Athletic stars want to shine in the Doha Diamond League

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By Webdesk

What: Diamond League Doha – an annual top level one-day World Athletics competition

Where: Qatar Sports Club, Doha, Qatar

When: Friday, May 5, 6:00 PM (3:00 PM GMT)

The world’s top track and field athletes are eager to go when the track and field season kicks off Friday at the Diamond League in Doha.

Athletes watching the finish line in Qatar’s capital include 15 reigning world and Olympic champions, including host country’s high jumper Mutaz Barshim, Kenyan middle-distance runner Faith Kipyegon, Indian javelin thrower Neeraj Chopra, Jamaican sprinter Shericka Jackson and the Moroccan steeplechase. champion Soufiane El-Bakkali.

The event kicks off the Diamond League season, the elite World Athletics competition held annually at 14 different venues.

India’s Chopra, who rose to fame following his gold medal at the Tokyo 2020 Olympics, is making his debut in the Diamond League Doha and has already set his sights on breaking the 90m barrier in the men’s javelin throw.

“Doha is known for its 90-meter throws, so it will be a great game for all of us,” he said ahead of the event.

After hosting the FIFA World Cup last year, Qatar has a busy sports calendar for 2023 and the star-studded Diamond League is one of the main events.

Barshim, the first and only athlete to win gold for Qatar in athletics, says the World Cup helped raise the country’s fame among sports fans around the world.

His own success, he says, has inspired young athletes in the country.

“When I train, kids come up to me and say ‘we want to be like you,’ and I urge them to make the most of the facilities at their disposal,” Barshim told Al Jazeera.

Neeraj Chopra
India’s Neeraj Chopra made his breakthrough at the Tokyo Olympics and took silver in the men’s javelin throw at the World Athletics Championships last year [Gregory Bull/AP Photo]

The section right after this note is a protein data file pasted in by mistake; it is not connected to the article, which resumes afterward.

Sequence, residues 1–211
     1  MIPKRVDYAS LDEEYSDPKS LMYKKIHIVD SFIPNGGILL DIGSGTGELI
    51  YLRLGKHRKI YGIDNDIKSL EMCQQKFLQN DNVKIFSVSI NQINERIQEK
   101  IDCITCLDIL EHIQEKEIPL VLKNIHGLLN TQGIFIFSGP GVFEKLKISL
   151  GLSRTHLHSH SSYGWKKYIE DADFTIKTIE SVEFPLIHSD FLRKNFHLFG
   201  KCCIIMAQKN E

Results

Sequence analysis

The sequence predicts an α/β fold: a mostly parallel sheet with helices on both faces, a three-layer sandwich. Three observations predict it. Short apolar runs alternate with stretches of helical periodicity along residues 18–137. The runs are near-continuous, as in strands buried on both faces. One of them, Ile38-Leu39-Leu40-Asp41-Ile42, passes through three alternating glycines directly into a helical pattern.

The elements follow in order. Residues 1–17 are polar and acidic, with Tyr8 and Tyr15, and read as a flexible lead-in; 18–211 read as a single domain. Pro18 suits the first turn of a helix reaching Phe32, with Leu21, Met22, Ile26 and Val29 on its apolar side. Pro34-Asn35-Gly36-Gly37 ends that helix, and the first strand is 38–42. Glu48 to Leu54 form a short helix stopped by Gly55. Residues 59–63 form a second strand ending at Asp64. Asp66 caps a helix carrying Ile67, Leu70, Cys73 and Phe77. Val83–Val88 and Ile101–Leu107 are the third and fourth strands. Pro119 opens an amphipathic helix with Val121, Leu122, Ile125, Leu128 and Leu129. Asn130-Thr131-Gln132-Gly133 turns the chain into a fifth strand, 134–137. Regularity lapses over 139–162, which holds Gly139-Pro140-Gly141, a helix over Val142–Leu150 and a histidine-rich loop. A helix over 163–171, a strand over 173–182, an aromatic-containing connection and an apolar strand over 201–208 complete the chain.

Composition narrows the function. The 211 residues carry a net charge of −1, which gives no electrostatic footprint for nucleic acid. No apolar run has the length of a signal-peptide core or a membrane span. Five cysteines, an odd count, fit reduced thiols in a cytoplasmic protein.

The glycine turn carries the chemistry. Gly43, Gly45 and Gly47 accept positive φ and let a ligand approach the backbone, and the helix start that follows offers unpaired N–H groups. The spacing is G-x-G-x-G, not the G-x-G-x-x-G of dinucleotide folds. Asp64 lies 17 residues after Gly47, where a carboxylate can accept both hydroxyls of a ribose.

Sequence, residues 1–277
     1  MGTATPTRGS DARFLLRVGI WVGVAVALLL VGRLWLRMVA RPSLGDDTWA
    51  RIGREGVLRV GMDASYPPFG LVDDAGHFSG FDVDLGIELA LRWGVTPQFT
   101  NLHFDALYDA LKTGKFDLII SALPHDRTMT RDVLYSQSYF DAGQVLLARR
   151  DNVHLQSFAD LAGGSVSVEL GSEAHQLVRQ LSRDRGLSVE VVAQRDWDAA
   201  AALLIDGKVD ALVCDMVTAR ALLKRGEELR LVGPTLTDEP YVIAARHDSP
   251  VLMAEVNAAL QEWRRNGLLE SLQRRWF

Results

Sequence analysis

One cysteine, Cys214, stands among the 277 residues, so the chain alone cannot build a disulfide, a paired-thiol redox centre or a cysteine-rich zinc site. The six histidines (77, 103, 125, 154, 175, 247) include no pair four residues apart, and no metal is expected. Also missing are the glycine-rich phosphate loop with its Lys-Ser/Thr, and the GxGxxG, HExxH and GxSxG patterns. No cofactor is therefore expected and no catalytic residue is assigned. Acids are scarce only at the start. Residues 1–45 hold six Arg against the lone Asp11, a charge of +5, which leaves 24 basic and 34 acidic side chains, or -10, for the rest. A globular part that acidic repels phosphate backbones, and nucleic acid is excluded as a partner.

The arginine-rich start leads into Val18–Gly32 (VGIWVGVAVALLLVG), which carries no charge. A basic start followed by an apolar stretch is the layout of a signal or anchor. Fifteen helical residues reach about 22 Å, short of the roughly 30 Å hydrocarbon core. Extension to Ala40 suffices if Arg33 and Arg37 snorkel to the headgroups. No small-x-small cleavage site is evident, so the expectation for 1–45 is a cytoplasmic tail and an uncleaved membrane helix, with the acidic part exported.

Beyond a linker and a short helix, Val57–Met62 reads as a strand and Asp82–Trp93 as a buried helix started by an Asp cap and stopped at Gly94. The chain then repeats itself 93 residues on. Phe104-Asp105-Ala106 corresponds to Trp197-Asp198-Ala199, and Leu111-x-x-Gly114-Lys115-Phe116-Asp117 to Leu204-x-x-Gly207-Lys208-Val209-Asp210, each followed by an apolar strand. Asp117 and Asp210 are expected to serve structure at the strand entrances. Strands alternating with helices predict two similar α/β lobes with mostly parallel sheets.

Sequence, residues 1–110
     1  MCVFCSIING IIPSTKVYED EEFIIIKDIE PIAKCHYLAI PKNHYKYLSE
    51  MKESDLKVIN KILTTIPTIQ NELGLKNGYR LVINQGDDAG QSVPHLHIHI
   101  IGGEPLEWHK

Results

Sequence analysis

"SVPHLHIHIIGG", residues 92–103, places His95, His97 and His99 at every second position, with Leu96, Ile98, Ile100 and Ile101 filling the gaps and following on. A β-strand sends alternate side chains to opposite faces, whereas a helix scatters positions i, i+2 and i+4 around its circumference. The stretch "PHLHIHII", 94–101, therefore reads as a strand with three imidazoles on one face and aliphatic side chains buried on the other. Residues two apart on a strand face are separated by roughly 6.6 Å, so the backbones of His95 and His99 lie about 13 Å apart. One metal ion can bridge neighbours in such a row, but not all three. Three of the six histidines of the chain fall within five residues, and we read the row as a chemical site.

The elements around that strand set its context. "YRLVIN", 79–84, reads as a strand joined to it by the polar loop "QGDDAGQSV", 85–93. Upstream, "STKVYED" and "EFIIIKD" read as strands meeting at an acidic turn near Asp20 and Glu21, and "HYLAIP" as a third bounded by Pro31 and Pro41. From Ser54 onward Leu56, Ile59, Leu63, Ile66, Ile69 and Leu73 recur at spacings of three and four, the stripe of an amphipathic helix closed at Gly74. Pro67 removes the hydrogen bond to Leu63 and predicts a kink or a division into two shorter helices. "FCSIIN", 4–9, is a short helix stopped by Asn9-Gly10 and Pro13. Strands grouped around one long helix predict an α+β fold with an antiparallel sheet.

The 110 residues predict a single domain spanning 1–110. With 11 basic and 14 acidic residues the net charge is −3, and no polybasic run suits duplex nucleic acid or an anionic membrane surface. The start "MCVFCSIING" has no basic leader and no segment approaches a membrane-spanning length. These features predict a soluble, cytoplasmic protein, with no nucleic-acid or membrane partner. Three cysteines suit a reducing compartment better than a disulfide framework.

Who to watch out for

Mutaz Barshim, high jump (Qatar), Faith Kipyogen, 1,500 m (Kenya), Shericka Jackson, 100 m (Jamaica), Andre de Grasse, 200 m (Canada), Soufiane El-Bakkali, 3,000 m (Morocco), Neeraj Chopra, javelin throw (India), Fred Kerley, 200m (US), Katie Moon, pole vault (US)


Track: 100m (women), 200m (men), 400m (women), 800m (men), 1,500m (women), 100m hurdles (women), 400m hurdles (men), 3,000m (men), 3,000m steeplechase (women)

Field: Pole vault (women), discus throw (men), javelin throw (men), high jump (men), triple jump (men)

Believe Kipyegon
Kenya’s Faith Kipyegon won gold in the women’s 1,500 meters at the 2022 World Championships in Athletics [Gregory Bull/AP Photo]

“Believe in yourself when you’re having a hard time…it can be hard”

The world’s best athletes talk about finding inspiration for a new season, inspiring the younger generation and the mental struggles of sport.

Mutaz Barshim: “I am in a different phase of my life, in my career, even though you know where you are. But deep down you don’t know because you always surprise yourself. There is always that extra that you try to reach and grab.”

Believe Kipyegon: “When I want to take my mind off sports, I spend time with my daughter and go to the farms.”

Neeraj Chopra: “Since I won gold in Tokyo, there has been a change in Indian sports culture. The young generation and the juniors are going to play sports. Some javelin throwers are arriving in India.’

Katie Moon: “Pole vaulting is 90 percent mental and the rest is physical. It’s a very mental sport. And I think all athletic events are mental in one way or another. So it’s easy when things are going well to believe in yourself, but to believe in yourself when you’re having a bit of a hard time, that can be hard.”

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